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Cullman Student Wins Alabama’s Federal Junior Duck Stamp Contest


April 11, 2002

Jim Rothschild, 404/679-7291

A 14-year-old student, Anna Smith, of Cullman, Alabama has won Best of Show in Alabama’s 2002 Federal Junior Duck Stamp Contest. A total of 333 entries were received from kindergarten through twelfth grade students representing 45 participating schools throughout the State. The contest was judged at the U.S. Fish and Wildlife Service’s Wheeler National Wildlife Refuge in Decatur on Tuesday, March 26th.

Smith, who is home schooled, used watercolors to paint an “Early Morning Stretch”, a female Canada goose with a nest of eggs set in a wetlands scene.

“I just like Canada geese,” Anna said. “They are graceful and look a little like a swan. I saw a picture in a kid’s book that I liked.” Anna’s mother, Jan Smith, said her daughter worked on the entry over a period of a several weeks. “Anna was meticulous, especially on the feathers.” she said.

Smith’s winning entry qualifies her to compete in the National Junior Duck Stamp contest to be judged on April 26, in Washington, D.C. The image of the national winning entry becomes the Federal Junior Duck Stamp, which is sold by the U.S. Fish and Wildlife Service to stamp collectors and conservationists. The Junior Duck Stamp competition was authorized by the U.S. Congress in 1994 and is modeled after the Federal Duck Stamp, which has been sold since 1934 to raise money to protect wetlands and waterfowl habitat. The purpose of the Junior Duck Stamp Contest is to promote conservation of wetlands and waterfowl habitat through arts education.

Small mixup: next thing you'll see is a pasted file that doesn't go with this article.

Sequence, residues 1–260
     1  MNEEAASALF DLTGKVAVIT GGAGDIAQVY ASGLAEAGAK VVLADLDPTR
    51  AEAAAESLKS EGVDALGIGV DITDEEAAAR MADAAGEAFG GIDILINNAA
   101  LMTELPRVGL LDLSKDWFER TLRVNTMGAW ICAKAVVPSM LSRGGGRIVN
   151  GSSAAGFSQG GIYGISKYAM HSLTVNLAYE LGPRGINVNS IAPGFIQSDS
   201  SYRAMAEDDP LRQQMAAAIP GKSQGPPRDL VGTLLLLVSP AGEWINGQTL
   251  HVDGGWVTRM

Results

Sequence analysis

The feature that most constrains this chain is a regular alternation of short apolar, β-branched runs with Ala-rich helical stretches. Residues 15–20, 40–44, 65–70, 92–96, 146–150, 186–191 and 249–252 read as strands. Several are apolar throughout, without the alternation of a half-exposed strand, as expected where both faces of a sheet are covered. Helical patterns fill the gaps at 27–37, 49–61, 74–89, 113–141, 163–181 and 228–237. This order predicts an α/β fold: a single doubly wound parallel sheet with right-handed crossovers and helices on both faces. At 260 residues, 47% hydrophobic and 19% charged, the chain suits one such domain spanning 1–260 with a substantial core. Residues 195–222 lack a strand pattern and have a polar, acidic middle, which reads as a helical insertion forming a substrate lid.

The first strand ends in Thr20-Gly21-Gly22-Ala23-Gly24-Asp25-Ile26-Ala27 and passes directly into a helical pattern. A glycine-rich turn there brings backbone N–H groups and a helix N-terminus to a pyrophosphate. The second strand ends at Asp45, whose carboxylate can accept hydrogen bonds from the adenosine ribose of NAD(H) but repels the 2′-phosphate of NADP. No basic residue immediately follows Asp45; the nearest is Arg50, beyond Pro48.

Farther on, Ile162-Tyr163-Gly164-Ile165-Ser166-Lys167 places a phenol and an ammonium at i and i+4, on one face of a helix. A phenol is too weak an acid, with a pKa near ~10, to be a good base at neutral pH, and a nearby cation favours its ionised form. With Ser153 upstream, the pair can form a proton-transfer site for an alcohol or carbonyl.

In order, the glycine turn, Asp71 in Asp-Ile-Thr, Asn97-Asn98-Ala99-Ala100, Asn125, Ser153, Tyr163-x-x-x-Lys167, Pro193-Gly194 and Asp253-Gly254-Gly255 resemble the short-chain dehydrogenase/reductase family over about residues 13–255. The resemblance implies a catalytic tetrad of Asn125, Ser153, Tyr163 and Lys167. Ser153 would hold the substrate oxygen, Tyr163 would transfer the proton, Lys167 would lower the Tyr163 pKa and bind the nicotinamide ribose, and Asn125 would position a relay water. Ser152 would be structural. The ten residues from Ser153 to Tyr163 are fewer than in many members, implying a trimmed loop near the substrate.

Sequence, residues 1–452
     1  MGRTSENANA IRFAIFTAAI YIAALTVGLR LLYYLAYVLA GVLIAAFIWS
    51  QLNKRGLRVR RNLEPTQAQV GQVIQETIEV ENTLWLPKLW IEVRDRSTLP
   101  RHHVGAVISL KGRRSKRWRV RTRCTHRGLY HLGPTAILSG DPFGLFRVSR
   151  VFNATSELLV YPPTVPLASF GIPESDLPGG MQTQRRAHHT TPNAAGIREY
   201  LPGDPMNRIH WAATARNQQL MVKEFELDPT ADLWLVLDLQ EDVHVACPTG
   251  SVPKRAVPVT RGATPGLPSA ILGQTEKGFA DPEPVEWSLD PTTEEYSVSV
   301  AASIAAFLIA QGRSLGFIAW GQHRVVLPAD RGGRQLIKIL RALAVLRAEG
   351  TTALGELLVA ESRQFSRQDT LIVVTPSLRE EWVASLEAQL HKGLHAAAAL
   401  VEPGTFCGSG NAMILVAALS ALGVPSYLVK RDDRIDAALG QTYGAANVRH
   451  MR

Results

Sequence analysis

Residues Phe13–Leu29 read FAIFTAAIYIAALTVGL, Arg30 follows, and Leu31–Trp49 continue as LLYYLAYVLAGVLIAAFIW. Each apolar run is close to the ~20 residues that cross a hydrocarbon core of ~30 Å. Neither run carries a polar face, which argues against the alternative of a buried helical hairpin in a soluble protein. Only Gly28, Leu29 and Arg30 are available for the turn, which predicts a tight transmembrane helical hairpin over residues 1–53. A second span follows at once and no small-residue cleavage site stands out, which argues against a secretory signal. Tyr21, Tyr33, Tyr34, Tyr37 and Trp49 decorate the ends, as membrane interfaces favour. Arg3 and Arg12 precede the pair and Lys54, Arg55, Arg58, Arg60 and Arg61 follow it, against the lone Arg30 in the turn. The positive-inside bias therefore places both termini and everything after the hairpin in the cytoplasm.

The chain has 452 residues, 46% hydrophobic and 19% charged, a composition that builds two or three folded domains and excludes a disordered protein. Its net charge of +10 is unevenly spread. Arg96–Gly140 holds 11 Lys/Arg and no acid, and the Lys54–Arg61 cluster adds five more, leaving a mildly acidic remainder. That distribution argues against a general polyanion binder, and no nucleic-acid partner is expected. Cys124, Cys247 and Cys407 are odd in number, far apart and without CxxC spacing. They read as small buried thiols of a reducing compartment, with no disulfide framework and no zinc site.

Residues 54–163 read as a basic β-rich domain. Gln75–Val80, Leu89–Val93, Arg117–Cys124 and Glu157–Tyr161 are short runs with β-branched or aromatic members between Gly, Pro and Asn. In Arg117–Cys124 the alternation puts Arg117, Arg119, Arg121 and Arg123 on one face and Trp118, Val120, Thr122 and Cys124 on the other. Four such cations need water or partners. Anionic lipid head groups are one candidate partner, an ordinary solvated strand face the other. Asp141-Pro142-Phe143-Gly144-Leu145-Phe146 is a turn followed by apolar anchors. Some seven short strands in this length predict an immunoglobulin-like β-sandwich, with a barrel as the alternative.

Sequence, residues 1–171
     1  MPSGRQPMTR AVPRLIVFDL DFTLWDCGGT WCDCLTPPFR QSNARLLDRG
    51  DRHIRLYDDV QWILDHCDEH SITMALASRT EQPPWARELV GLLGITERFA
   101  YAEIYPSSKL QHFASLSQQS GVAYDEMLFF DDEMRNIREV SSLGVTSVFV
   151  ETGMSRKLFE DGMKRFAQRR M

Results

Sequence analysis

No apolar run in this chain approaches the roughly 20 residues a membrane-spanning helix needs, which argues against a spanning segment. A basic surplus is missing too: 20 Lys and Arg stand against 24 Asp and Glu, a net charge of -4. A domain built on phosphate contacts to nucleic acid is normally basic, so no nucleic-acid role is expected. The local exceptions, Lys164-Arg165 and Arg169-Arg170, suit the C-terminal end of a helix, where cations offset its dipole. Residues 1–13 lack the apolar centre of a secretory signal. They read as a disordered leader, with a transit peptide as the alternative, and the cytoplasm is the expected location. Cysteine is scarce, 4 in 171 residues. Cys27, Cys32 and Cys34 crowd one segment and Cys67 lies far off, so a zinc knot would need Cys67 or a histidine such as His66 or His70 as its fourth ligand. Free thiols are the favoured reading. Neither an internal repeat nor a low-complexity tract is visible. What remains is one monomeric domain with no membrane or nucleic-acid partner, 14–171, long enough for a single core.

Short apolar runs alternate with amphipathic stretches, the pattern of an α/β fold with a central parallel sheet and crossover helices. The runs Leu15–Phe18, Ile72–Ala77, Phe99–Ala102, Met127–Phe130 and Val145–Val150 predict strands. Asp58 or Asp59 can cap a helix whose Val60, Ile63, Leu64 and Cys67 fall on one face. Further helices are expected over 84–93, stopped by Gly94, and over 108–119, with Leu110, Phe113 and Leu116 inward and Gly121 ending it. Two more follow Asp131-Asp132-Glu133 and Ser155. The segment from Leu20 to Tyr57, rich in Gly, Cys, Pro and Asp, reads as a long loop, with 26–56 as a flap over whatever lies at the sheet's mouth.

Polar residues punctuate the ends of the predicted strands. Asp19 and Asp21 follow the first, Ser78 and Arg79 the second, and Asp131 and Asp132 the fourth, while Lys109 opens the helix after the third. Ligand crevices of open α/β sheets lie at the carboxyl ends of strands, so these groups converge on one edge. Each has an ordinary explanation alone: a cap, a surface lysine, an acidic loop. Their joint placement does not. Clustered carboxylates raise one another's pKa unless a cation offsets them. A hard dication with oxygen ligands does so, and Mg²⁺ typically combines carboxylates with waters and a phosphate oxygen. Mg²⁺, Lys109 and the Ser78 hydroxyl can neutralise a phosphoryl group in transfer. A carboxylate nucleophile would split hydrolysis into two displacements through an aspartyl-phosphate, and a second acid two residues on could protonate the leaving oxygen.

The U.S. Fish and Wildlife Service is the principal federal agency responsible for conserving, protecting and enhancing fish, wildlife and plants and their habitats for the continuing benefit of the American people. The Service manages the 95-million-acre National Wildlife Refuge System that encompasses more than 540 national wildlife refuges, thousands of small wetlands and other special management areas. It also operates 70 national fish hatcheries, 64 fishery resource offices, and 78 ecological services field stations. The agency enforces federal wildlife laws, administers the Endangered Species Act, manages migratory bird populations, restores national significant fisheries, conserves and restores wildlife habitat such as wetlands, and helps foreign governments with their conservation efforts. It also oversees the Federal Aid program that distributes hundreds of millions of dollars in excise taxes on fishing and hunting equipment to state fish and wildlife agencies.

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2001 News Releases

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